Volume 16, Number 7—July 2010
Mycobacterium chelonae Wound Infection after Liposuction
To the Editor: We recently investigated a case of Mycobacterium chelonae abdominal wound infection after liposuction performed under local anesthesia at an outpatient medical office. Our aim was to determine whether other cases of atypical mycobaterial infections had previously occurred after liposuction. M. chelonae is widely distributed in soil and water, including tap water. Atypical mycobacterial infections have been associated with skin and soft tissue infections, including infections after cosmetic surgeries, and outbreaks have been documented (1–4). Previously reported potential sources of liposuction equipment contamination have been inadequate disinfection or sterilization after rinsing of liposuction equipment with tap water, tap water used in cleaning liposuction cannulae, or the quaternary ammonium solution used to disinfect liposuction equipment (2,4). Increased numbers of procedures performed in freestanding medical centers (not connected with hospitals) that are not routinely monitored by infection control committees or equivalent oversight bodies may contribute to atypical mycobacterial infection (1).
Our investigation showed that proper cleaning, disinfection, and sterilization of liposuction equipment and other infection control issues at this medical office were concerns. Except for the physician, only unlicensed medical assistants worked at this office. This staff had been trained to clean and sterilize liposuction equipment, but no written procedures existed for processing reusable liposuction equipment, no logs were kept of autoclave use for sterilization, and preventive maintenance checks and verification of sterility on the autoclave by using biological indicators as recommended by the manufacturer were not performed. The office did not have any general written infection control policies. Office staff mixed leftover solutions from open small bottles of povidone iodine and placed this mixture into larger containers. Staff stored wet alcohol-soaked cotton balls in multiuse containers for wiping tops of multidose vials instead of using individual alcohol prep pads; and 70% isopropyl alcohol solution from an open nonsterile bottle was used instead of sterile irrigation solutions to flush the liposuction suction cannula to dislodge tissue from the ports during the procedure.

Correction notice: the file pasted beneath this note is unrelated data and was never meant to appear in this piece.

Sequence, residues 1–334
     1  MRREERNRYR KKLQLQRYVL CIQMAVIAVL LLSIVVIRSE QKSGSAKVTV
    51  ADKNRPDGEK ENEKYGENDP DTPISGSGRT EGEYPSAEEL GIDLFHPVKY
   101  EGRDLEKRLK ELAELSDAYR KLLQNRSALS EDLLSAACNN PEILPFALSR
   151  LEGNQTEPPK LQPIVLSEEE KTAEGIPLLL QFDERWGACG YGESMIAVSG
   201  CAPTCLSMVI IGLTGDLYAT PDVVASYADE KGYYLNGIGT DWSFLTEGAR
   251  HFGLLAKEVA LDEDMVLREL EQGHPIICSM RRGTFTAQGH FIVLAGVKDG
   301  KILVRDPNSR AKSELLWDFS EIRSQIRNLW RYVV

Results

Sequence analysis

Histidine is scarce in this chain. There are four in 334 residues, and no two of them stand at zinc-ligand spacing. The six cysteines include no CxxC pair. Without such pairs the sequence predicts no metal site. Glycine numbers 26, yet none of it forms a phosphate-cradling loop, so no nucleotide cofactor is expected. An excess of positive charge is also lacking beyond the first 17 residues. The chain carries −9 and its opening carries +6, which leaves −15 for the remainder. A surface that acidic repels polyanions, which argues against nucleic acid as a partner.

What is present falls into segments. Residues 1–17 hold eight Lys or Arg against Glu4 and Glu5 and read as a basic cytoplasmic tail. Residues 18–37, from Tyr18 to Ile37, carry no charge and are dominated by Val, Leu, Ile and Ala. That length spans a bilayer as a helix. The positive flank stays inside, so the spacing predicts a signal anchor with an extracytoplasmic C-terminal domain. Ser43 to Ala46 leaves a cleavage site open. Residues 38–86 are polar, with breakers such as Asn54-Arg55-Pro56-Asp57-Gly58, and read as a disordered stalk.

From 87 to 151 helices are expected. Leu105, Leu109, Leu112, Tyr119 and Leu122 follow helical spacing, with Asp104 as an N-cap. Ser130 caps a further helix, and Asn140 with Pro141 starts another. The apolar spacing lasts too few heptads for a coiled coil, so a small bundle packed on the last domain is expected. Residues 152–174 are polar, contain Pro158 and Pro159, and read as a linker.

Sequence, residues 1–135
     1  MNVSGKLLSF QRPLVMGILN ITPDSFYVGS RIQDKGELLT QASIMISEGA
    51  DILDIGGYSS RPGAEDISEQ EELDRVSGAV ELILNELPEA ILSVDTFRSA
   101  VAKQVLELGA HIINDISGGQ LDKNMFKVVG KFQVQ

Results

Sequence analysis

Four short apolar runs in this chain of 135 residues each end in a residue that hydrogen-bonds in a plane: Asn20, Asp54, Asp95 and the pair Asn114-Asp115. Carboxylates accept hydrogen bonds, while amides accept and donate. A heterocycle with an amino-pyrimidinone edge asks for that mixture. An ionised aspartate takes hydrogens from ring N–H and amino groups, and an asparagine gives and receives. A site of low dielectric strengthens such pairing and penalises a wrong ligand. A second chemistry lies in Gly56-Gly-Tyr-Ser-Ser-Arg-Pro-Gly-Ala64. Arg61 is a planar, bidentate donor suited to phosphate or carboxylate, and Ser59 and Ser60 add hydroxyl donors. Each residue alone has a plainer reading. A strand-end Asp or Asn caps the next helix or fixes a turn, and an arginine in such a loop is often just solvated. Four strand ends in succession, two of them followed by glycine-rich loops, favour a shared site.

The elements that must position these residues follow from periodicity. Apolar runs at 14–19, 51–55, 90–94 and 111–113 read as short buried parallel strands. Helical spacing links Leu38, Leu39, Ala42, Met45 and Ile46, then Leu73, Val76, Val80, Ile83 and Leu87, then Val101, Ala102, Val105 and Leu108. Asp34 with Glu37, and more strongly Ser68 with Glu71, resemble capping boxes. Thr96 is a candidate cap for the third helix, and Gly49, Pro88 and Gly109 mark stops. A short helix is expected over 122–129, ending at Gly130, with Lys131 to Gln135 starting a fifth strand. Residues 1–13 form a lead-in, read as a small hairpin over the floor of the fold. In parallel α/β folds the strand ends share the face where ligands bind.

Case finding and surveillance of acid-fast bacilli results routinely reported to our public health tuberculosis program did not indicate any other cases of postliposuction wound infections caused by atypical mycobacteria associated with this office. Laboratory testing of environmental samples, including tap water and faucet aerator samples, also did not indicate a source for M. chelonae in this outpatient office. This case was likely an isolated occurrence in which the case-patient acquired infection through an environmental source unrelated to this office. However, because of the infection control concerns observed in this office and because the incubation period for M. chelonae can be as long as 5 months (2), the physician was advised to develop infection control policies and procedures; develop protocols for cleaning, disinfecting, and sterilizing liposuction equipment in accordance with the manufacturer’s recommendations; ensure autoclave sterility by using biological indicators; educate office staff about basic infection control practices and use of aseptic techniques; and notify public health officials of any further infections postliposuction.
Risk factors that cause or contribute to infectious disease outbreaks in outpatient settings include inadequate cleaning, disinfection, sterilization, and storage of instruments and equipment; inappropriate use of barrier equipment, such as gloves, by healthcare personnel; inadequate handwashing practices by healthcare workers; failure to use aseptic techniques; and lack of familiarity with established infection control practices by ambulatory care personnel (5). Also, in the outpatient setting, responsibility for implementing an infection control program usually is not assigned to a specific person (5), and outpatient medical offices are not routinely monitored by oversight bodies or infection control committees as are hospitals and outpatient surgical centers (6).
The California Business and Professions Code requires that outpatient surgery settings using anesthesia, other than local anesthesia or peripheral nerve blocks, be accredited by an oversight body. However, because this facility used only local anesthesia, it did not fall under this code of regulations for facility accreditation, oversight, certification standards, and quality assurance for general public health safety and welfare.
Lack of adherence to basic infection control principles, specifically in outpatient settings, has resulted in outbreaks (1,7–10). Our findings at this medical office further highlight the unaddressed infection control problems in outpatient settings. Because of insufficient oversight for the outpatient setting, professional organizations, state medical boards, and federal and state authorities should consider the need to systematically address infection control standards and monitoring tailored for this setting. As more healthcare procedures move to the outpatient setting, ensuring appropriate infection control practices can prevent outbreaks.
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